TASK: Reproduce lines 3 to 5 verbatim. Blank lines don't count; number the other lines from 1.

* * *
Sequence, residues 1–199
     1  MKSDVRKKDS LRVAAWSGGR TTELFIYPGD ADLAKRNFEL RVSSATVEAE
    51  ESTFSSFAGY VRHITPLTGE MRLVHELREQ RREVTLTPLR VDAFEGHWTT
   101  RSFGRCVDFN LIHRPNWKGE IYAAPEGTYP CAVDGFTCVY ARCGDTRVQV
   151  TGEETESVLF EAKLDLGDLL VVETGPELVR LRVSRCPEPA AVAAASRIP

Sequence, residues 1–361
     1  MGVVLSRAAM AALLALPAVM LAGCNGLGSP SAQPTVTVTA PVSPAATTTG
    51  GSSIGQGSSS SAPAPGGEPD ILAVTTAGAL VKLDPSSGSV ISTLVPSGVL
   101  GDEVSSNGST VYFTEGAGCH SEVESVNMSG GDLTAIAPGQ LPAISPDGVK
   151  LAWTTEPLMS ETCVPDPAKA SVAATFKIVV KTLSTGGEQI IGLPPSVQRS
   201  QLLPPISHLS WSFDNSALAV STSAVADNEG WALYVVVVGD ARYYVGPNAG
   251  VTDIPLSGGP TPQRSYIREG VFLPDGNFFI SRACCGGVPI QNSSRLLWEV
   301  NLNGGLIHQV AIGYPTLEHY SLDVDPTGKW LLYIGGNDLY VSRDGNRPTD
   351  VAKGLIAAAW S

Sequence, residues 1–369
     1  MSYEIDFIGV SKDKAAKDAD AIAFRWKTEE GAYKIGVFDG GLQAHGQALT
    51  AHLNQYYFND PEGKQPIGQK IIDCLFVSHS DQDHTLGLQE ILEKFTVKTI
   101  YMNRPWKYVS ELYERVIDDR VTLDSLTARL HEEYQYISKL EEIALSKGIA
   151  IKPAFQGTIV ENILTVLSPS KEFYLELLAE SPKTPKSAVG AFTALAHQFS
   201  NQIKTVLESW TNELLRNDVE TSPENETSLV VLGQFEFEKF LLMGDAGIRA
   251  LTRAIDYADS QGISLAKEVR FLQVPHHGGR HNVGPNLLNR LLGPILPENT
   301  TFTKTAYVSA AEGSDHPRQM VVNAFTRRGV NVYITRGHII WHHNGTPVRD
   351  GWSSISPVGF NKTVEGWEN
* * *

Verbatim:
    51  ESTFSSFAGY VRHITPLTGE MRLVHELREQ RREVTLTPLR VDAFEGHWTT
   101  RSFGRCVDFN LIHRPNWKGE IYAAPEGTYP CAVDGFTCVY ARCGDTRVQV
   151  TGEETESVLF EAKLDLGDLL VVETGPELVR LRVSRCPEPA AVAAASRIP